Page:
Driverless cars. Drones. Alexa! Siri! Algorithms. Black Mirror! Westworld! All of a sudden, artificial intelligence (AI) is everywhere—in consumer products, in our entertainment, in our consciousness.

Every day we hear stories from Google, Uber, Baidu, Microsoft, Amazon and others about unprecedented achievements in language translation, gaming, image recognition, music composition, beer-delivering driverless trucks and a host of achievements, all powered by artificial intelligence.

But what is artificial intelligence, really? And, to be fair, do we even understand what intelligence is? Not really. At least we don’t always agree on it.

Theory of Multiple Intelligences

In 1983, long before the internet, a developmental psychologist named Howard Gardner published what is now a seminal work on the “Theory of Multiple Intelligences.” He argued that rather than having one overarching intelligence, humans have different kinds and to different degrees:

  • Linguistic intelligence (which is a facility with language)
  • Interpersonal (which some might call “emotional” intelligence)
  • Logical/mathematical intelligence
  • And, six others.

Whether or not you agree with Gardner’s categories, it gives us a way to think about artificial intelligence as something beyond pure number crunching. Computers are terrific at math, but not so much with the feelings. They can move objects with precision, but few people would argue that they’re creative in the way that humans are (but do listen to some of the AI-generated songs featured in this New York Times article).

How Artificial Intelligence Is Transforming Organizations

The idea of artificial intelligence (machines that can sense, classify, learn, reason, predict and interact) has been around for decades. So, why is it so inescapable now?

Kevin Kelly, in his book The Inevitable, argues that the combination of massive and available datasets, inexpensive parallel computing and advances in algorithms has made it possible for machines to function in ways that were previously unthinkable.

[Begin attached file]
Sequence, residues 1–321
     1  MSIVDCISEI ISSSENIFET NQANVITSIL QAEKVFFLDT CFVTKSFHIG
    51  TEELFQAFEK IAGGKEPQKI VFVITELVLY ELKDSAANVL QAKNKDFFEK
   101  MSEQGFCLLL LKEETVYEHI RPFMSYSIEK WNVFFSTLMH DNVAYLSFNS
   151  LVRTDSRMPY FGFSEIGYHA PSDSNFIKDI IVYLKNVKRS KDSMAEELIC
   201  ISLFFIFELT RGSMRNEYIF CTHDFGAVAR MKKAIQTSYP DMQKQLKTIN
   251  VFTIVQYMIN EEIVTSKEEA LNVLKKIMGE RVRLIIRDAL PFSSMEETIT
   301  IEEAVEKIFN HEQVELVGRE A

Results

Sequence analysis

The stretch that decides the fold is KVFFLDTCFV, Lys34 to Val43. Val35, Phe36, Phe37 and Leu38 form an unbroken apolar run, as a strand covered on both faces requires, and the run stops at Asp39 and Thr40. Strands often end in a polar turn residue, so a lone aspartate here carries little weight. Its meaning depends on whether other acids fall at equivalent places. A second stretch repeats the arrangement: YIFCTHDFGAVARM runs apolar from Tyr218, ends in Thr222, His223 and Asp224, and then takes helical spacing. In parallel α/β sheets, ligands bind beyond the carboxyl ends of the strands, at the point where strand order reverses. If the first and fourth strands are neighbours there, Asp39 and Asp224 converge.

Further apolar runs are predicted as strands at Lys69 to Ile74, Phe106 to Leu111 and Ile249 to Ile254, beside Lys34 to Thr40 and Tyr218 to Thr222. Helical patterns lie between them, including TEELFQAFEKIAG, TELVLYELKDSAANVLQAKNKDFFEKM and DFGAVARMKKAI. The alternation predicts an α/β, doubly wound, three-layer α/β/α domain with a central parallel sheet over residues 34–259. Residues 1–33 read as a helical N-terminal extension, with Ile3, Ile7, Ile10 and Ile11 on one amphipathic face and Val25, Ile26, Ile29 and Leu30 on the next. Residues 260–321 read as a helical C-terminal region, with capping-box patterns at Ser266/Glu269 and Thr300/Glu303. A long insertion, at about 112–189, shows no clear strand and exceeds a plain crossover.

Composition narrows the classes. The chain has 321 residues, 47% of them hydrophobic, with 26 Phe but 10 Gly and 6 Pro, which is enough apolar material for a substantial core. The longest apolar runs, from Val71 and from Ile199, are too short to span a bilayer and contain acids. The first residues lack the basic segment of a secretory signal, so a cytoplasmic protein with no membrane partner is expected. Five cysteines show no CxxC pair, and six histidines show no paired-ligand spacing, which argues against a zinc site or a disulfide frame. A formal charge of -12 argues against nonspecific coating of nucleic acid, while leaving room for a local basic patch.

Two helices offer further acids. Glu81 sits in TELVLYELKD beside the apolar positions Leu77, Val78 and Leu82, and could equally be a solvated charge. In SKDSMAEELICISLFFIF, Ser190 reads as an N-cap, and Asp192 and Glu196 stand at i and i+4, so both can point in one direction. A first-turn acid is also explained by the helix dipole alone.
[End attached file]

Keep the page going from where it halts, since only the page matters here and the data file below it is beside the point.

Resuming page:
My new research report, The Age of AI: How Artificial Intelligence is Transforming Organizationsargues that while today the splashy examples tend to dominate the news, artificial intelligence has huge implications for organizations and society.

But, these changes aren’t occurring exactly where you think they are. Here are a few things I discovered:

  1. The transformative value of AI is not always in the shiny examples

    Machines that can learn from new data and transform their own algorithms hold huge promise for predictive analytics.

  2. Your web-centric world is about to change.

    What happens when we can converse, using voice, text or touch and movement, with everything around us? You may want to take another look at that digital strategy. What happens to your website?

  3. AI will affect jobs, but possibly not in the way you think.

    Repetitive tasks, physical labor and tasks that can easily be automated will be most vulnerable. Understanding a bit about AI —what it is and isn’t—will help you plan, whether you are an employee or an executive.

  4. Will you be a data have or a data have-not?

    This is a thorny issue, not just for corporations but for government and other public institutions. Open data, shared data, data strategy, competitive advantage—expect these equations to change as data becomes the new oil.

  5. Ethics and transparency in AI will be a critical part of the customer experience

    When we live in economies based on data and algorithms, how we use that data and those algorithms—ethically, clearly, fairly and in a trustworthy and beneficial way—will become a critical factor for competitive advantage.

When it comes to artificial intelligence, there is truly so much to cover, and I hope this report helps you get started. To learn more about AI, you can download the full report for free.